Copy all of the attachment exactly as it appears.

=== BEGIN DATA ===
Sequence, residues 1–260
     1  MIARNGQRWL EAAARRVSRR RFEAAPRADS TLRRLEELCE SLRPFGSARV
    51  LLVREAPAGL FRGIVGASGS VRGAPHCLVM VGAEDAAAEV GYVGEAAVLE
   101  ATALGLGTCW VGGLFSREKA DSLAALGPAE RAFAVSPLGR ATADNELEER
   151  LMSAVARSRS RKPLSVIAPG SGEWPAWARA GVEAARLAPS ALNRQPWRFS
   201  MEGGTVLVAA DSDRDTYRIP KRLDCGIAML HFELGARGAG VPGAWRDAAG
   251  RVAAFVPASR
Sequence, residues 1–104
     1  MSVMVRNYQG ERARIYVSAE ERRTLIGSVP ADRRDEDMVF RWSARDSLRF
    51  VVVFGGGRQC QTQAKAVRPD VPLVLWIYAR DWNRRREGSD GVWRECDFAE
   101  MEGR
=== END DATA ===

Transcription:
Sequence, residues 1–260
     1  MIARNGQRWL EAAARRVSRR RFEAAPRADS TLRRLEELCE SLRPFGSARV
    51  LLVREAPAGL FRGIVGASGS VRGAPHCLVM VGAEDAAAEV GYVGEAAVLE
   101  ATALGLGTCW VGGLFSREKA DSLAALGPAE RAFAVSPLGR ATADNELEER
   151  LMSAVARSRS RKPLSVIAPG SGEWPAWARA GVEAARLAPS ALNRQPWRFS
   201  MEGGTVLVAA DSDRDTYRIP KRLDCGIAML HFELGARGAG VPGAWRDAAG
   251  RVAAFVPASR
Sequence, residues 1–104
     1  MSVMVRNYQG ERARIYVSAE ERRTLIGSVP ADRRDEDMVF RWSARDSLRF
    51  VVVFGGGRQC QTQAKAVRPD VPLVLWIYAR DWNRRREGSD GVWRECDFAE
   101  MEGR